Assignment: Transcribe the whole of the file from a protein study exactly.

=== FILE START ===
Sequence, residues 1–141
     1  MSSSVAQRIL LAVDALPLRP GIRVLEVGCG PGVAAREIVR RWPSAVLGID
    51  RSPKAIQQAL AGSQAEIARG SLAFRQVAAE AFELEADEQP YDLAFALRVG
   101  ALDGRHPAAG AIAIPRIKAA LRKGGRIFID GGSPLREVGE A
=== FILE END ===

Sequence, residues 1–141
     1  MSSSVAQRIL LAVDALPLRP GIRVLEVGCG PGVAAREIVR RWPSAVLGID
    51  RSPKAIQQAL AGSQAEIARG SLAFRQVAAE AFELEADEQP YDLAFALRVG
   101  ALDGRHPAAG AIAIPRIKAA LRKGGRIFID GGSPLREVGE A